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The value of user persona for your online business

by Cathal McGivern
23 Nov 2017
3 minutes to read

What's a persona?

You’ve built your website and now you want to attract the right customers. A tactic being used by many companies is to use personas which is effectively a character or identity that sums up the customer in a snapshot view. Let’s take a closer look at what this involves and how creating personas can help improve your website experience. Personas are semi-fictional representations of your ideal customer but they are based on market research and real data about your existing customers. They are sometimes referred to as buyer personas, particularly in relation to retail marketing.  They help improve your understanding of your customers and allow you to tailor promotional and marketing campaigns to target the most relevant people for your business.

Getting an accurate persona of your customer.

It all starts with painting a picture of your unique personas. In order to be effective, personas need to be based on data-driven research. Yes, you know your customers best but personas need to be based on more than just opinions, assumptions and instinct. Google analytics can tell you a lot about who is on your website, how they are accessing your site; how they are navigating through the site; what devices they are using; and what areas they are spending the most time on. See our post on how to harness the power of google analytics for your business for in-depth insight. Customer surveys or post-purchase questionnaires can also give you great insights into your customer base. There can sometimes be a mismatch between who you are targeting, and who you actually want to target. If this is the case then go back to the drawing board and rethink your overall business objectives. Re-evaluate the target consumers you want to attract with your products or services. Draw up your desired persona and align your activity to reach them. Once you’ve gathered the data, it’s time to consider their lifestyle, demographics, digital behaviour, likes and dislikes, attitudes and beliefs. Pull together a rounded view of each user persona. Now look at how this person would use your website. What content will they need, what device will they use to access your website, what sort of language appeals to them.

Stay focused – you can’t be all things to all people

You will need to be selective and focused to create a manageable number of target personas for your business. Typically, this is about 2-3. For example, for a city centre yoga club there might be 3 personas:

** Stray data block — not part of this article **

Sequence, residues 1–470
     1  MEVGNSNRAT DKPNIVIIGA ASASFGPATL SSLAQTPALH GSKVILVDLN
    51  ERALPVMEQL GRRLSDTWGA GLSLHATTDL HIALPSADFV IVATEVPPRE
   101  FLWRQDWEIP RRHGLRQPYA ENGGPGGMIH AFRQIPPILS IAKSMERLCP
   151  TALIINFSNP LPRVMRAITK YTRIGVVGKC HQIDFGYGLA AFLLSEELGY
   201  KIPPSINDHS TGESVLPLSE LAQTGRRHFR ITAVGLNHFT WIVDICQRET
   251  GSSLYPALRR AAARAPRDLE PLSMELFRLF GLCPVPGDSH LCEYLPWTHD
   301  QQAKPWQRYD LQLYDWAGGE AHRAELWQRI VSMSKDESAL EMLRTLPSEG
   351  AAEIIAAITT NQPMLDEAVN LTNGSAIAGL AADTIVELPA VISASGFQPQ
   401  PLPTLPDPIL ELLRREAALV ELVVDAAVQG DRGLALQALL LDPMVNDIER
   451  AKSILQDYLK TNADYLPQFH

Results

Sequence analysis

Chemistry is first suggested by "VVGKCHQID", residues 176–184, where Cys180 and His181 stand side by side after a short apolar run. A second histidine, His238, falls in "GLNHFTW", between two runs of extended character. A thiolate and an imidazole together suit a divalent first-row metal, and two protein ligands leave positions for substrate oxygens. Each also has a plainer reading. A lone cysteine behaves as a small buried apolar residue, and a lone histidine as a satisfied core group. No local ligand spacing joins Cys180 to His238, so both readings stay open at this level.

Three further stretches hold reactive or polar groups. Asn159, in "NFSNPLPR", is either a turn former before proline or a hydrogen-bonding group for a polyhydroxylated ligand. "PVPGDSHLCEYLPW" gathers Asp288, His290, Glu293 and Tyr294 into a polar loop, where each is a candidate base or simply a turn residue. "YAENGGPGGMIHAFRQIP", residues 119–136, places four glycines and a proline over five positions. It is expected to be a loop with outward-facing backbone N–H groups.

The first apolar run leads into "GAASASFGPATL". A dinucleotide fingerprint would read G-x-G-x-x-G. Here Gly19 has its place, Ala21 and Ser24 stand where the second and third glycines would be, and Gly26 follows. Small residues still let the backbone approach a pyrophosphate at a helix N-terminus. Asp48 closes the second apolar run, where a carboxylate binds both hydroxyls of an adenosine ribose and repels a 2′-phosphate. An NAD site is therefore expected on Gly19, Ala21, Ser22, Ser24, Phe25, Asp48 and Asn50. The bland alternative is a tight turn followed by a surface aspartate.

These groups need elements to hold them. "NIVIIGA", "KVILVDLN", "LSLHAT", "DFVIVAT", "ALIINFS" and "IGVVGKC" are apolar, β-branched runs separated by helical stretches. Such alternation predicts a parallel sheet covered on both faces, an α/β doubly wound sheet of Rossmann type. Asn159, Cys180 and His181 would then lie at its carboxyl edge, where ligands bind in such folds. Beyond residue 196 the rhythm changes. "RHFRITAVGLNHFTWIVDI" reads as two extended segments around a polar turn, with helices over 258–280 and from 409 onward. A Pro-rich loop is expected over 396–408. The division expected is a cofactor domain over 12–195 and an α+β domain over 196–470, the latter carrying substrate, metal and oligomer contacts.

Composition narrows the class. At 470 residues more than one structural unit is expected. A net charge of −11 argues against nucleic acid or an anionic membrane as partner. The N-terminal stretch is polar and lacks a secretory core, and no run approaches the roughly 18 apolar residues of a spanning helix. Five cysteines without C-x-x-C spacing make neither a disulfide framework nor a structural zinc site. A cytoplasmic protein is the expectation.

Students  (for mid-week off-peak or discounted classes)

Mothers  (for mother and baby, prenatal and postnatal classes) and

The ‘Healthy Active’  (male/female participants looking to improve fitness, posture and well being)

Each of these groups will be using different social media and different digital devices. They will have varying discretionary income levels and availability, depending on their employment status. As a result, the content that attracts them and entices them from the homepage to the booking form will need to be very targeted. There is little merit to creating 10 very niche persona types. As a small business, you simply cannot diversify your approach in a multitude of ways without diluting your core offering and confusing customers.

Putting a picture to the face

A great idea is to source an image that best fits with your persona – it doesn’t have to be a real customer. It’s for internal use only but it will really focus your efforts when designing your website or developing new online strategies. Pin it up in the office for everyone to see - this will focus your efforts even more. Give each of your personas a name, for example, Fit Frank or New Mum Margaret. Here’s a nice example of a photo-based user persona. Buyer Persona profile It’s a really useful exercise to challenge any new marketing or design ideas against key questions: Would Fit Frank respond to this? Where is the best place to reach New Mum Margaret? This sense check keeps you focused and ensures that any content creation or web design changes are carried out with the consumer in mind. By giving them names, the target customer becomes more real. User personas can provide huge value and insight to your business. In summary, they help you to:

Develop a deeper understanding of customer needs and how to meet these

Create a universal, aligned view of the customer across the business

Allocate resources effectively to the projects, campaigns, and initiatives most likely to reach your target personas

As a result, you are in a better position to meet customer needs and deliver a best-in-class UX experience.

More information, free tools and guides

There are many online tools available to kick-start the process of user persona creation. Here’s a useful worksheet to start developing personas from Hubspot. Easy-to-use template for creating personas with Xtensio (same as persona found above). A handy guide from Buffer.